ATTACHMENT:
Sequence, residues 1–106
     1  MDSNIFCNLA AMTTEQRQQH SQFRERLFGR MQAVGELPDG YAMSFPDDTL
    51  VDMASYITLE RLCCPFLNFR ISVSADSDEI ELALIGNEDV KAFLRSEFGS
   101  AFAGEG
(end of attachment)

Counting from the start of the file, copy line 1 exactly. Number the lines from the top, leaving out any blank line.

Sequence, residues 1–106